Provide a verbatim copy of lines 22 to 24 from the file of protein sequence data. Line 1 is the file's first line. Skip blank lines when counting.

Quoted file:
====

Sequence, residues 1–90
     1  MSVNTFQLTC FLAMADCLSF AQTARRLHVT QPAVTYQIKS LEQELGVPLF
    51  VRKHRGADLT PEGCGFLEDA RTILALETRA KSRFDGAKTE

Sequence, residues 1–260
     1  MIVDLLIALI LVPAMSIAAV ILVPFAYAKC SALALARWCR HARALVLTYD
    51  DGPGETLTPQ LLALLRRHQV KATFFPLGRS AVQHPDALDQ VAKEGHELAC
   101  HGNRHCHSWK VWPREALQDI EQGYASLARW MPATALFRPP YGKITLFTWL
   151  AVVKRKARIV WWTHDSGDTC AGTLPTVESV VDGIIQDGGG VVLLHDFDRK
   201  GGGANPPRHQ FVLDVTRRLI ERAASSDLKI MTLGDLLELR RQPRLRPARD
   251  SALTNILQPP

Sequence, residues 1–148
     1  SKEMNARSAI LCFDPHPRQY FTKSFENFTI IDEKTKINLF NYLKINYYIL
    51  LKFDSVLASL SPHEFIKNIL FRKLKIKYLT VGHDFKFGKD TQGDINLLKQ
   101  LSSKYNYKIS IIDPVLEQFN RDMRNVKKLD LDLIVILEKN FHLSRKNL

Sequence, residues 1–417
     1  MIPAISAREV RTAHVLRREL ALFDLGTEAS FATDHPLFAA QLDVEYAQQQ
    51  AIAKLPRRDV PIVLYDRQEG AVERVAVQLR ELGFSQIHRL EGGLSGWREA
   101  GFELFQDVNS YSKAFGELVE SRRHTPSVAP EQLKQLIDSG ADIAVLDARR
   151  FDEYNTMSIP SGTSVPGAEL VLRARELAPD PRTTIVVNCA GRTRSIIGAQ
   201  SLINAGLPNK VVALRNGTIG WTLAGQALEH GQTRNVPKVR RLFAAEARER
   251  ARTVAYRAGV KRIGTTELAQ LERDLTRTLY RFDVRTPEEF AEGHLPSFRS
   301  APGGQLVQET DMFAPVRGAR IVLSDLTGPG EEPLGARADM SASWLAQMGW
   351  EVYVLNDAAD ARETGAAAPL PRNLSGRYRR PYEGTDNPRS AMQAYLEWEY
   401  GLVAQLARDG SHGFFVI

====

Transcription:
   301  APGGQLVQET DMFAPVRGAR IVLSDLTGPG EEPLGARADM SASWLAQMGW
   351  EVYVLNDAAD ARETGAAAPL PRNLSGRYRR PYEGTDNPRS AMQAYLEWEY
   401  GLVAQLARDG SHGFFVI